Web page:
Watts - Houston-Packer Collection BX5207.W3 S4x 1805 v.1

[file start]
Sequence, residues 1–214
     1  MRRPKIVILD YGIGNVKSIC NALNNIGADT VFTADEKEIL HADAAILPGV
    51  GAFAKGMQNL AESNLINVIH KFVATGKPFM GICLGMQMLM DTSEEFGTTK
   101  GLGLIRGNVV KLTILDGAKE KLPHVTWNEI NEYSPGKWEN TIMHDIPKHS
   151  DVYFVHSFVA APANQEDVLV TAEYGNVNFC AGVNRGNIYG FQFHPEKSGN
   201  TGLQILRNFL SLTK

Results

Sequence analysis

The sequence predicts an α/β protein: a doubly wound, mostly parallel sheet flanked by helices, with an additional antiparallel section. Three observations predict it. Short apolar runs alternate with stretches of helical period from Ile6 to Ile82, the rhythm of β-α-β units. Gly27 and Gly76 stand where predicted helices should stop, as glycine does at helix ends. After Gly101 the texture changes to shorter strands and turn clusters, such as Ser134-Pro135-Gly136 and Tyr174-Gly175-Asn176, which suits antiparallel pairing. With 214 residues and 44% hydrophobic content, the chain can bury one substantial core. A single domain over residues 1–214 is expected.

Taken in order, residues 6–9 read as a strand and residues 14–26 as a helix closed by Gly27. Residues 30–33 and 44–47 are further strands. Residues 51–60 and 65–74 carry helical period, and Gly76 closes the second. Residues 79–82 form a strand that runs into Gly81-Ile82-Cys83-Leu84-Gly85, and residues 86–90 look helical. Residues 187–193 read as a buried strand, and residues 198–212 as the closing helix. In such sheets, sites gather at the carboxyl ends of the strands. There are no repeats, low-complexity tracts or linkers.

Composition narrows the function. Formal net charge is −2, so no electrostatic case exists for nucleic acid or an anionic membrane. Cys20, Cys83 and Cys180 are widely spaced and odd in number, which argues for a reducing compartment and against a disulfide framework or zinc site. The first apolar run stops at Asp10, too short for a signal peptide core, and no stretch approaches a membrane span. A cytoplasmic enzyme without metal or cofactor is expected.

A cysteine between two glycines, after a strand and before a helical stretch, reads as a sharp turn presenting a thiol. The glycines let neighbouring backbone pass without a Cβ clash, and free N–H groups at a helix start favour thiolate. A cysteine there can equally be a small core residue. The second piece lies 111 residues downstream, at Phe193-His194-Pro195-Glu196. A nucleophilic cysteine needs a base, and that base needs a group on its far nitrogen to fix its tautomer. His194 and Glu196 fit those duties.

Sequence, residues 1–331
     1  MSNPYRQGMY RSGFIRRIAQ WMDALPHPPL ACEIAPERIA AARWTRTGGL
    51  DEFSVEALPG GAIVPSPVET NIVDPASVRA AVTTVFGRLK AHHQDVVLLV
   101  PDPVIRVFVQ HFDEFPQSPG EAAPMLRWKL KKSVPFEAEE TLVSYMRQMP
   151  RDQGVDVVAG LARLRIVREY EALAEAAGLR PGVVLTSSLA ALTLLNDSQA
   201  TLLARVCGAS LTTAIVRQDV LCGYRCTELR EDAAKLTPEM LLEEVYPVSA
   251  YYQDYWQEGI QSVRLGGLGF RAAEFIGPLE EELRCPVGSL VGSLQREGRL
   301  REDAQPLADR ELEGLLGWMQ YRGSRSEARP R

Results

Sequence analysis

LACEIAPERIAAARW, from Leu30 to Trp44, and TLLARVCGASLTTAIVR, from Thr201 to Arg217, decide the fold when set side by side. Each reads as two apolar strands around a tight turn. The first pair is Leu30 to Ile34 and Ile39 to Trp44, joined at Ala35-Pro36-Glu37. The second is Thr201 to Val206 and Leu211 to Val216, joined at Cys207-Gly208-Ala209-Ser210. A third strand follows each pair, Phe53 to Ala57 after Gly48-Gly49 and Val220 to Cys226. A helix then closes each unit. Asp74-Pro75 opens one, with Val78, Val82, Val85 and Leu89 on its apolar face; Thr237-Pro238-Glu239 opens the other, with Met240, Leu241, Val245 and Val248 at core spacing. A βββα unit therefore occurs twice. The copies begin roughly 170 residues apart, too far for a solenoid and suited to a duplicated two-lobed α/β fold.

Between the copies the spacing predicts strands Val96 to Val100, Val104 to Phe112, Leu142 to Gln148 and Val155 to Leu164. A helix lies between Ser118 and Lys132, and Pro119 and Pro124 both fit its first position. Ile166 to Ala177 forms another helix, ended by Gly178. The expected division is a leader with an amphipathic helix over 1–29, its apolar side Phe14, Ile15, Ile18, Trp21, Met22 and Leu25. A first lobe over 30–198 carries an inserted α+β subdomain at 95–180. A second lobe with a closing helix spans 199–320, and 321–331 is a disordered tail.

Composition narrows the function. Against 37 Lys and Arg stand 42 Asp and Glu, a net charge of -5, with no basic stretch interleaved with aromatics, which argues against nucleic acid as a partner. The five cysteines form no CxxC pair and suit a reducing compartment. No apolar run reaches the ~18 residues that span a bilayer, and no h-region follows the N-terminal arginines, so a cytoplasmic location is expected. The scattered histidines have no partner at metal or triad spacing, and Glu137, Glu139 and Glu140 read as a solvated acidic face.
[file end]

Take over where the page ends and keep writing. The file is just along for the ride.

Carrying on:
SERM. II.] INWARD WITNESS TO CHRISTIANITY. 21 wrought in truth in the soul, hath, in some measure, this effect; and where it shines in its brightness, it bath, in a great degree, this sublime grace accompanying it; or rather, ,(shall I say this piece of heavenlyglory. Pain and sickness; poverty and reproach, sorrow and death itself, have been contemned by those that have be- lieved in Christ Jesus, with muchmore honour to Chris- tianity, than ever was brought to other religions by the. same profession, and the saine practice. Other religions have, in some degree, promised a con- tempt of the world, s, contempt of sickness, and pain, and death; but then it hath been only here and there a person of a hardier mould of body; here and there one in an age, or one in a nation, who by a firmness of natural spirits, an obstinate resolution, attained by much labour of meditation, and toil of thought, hath got above the world, and above death. But our religion boasts of its hundreds and thousands, and that not only: those who had firmer natural spirits, or have been skill- ed in thoughtand meditation, and absent from sensual things by philosophy, and intellectual exercises ; but the feeblest of mankind, the weak things of this world, the foolish and the young; the infant (as it were) in years, and the feeble sex, have been made to contemn this world, and the pleasures of it, the hopes, and the sor- rows, pain, and death. They have learnt to live above all the enticing joys and affrighting terrors of this present state, that is, to live near to heaven: So that whatso- ever religion pretends to a competition with ours, it falls vastly short in this respect, in raising the affections above the world, above the joys and fears of the present life. Again, if we consider what motives have argued the minds of men to the contempt of the world, we shall find the religion of Christ Jesus is far superior to all in this respect. Other religions have taught men to despise the good things of this world, and to be unconcerned about the evils of it, in a mere romantic way: Such was the Stoical doctrine, denying health and wealth, sleep and safety, to have any goodness in them ; and prófessiog that pain, poverty, sickness, want, hunger, and shame, were no c3